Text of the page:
Materials scientists have devised a process that causes bacteria to explode while leaving mammalian cells unaffected.
The process – described in the journal ACS Biomaterials Science & Engineering – opens the door to potentially eliminating infection risks associated with implantable medical devices and food processing equipment.
A team led by Yeongseon Jang from the School of Chemical and Biomolecular Engineering at the Georgia Institute of Technology, US, devised a method of using nano-scale electrochemical etching on the grade of stainless steel typically used for making medical and food-preparation devices.
In testing, the patterns created proved effective in killing both Gram negative and Gram positive bacteria (Escherichia coli and Staphylococcus aureus, respectively), while leaving mammal cells unharmed.
The different outcomes for the two types of cells is easily explained – mammal cells are an order of magnitude larger than bacterial ones – but the reason why the etched surfaces are lethal to the microbes is not yet fully understood.
Electrochemical processing is usually used to polish and smooth out the surfaces of steel. Jang’s team, however, discovered that by varying both the current and the voltage passed through the steel the technique could produce the opposite result – making the surface rougher, albeit on a nano scale.
In their paper, the researchers speculate that the affected surface is characterised by nano-sized spikes and other nasty, pointy shapes upon which the bacteria impale themselves, rupturing catastrophically.
“It’s like a mountain range with both sharp peaks and valleys,” says co-author Julie Champion. “We think the bacteria-killing effect is related to the size scale of these features, allowing them to interact with the membranes of the bacterial cells.”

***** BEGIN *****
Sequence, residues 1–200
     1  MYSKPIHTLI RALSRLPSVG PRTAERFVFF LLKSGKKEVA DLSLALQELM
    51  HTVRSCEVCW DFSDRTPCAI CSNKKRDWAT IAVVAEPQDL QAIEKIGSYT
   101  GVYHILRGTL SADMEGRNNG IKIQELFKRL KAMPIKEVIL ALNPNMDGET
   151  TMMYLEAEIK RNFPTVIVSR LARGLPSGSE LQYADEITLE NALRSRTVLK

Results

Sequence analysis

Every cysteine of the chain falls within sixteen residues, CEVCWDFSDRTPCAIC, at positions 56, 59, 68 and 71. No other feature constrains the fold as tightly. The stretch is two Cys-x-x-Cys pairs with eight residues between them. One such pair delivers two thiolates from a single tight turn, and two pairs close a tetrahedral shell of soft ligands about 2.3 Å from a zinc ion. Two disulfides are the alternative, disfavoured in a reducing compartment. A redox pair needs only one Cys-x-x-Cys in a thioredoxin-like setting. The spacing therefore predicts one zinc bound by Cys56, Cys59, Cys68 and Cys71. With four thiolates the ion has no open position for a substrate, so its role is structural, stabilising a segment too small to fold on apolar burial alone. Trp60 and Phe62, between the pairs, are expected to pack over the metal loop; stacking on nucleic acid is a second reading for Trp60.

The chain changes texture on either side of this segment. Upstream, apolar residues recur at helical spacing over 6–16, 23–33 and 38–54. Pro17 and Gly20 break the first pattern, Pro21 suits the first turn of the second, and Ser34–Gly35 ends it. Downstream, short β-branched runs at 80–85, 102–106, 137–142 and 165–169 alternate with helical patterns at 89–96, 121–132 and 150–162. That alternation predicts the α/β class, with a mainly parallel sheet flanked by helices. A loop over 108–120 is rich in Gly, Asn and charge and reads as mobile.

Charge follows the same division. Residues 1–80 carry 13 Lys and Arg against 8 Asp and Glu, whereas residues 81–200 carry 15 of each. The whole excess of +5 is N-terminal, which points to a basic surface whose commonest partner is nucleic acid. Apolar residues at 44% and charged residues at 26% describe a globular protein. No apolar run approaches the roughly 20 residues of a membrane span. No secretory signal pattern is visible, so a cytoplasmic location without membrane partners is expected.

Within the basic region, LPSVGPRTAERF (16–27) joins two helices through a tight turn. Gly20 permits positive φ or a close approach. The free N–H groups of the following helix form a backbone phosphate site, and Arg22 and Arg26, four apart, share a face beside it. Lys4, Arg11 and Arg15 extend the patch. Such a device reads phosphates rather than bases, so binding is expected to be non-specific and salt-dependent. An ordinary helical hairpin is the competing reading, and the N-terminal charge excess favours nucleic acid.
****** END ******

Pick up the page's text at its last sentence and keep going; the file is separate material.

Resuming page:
The discovery, which has wide potential for use in fields where antimicrobial surfaces are needed, grew out of an earlier research project conducted by the team. The initial idea was to create super-water-repellent surgical steel that would effectively repel bacteria at the same time.
It soon became clear, however, that doing this would require the use of chemical coating, an outcome the scientists didn’t want. Jang and colleague Won Tae Choi then proposed the etching idea, and the team set about putting it to the test.
Although the work so far has been bench-based, the researchers see few if any hurdles in converting it to industrial levels.
“In principle, this is very scalable,” says team member Dennis Hess. “Electrochemistry is routinely applied commercially to process materials at a large scale.”
Andrew Masterson is a former editor of Cosmos.
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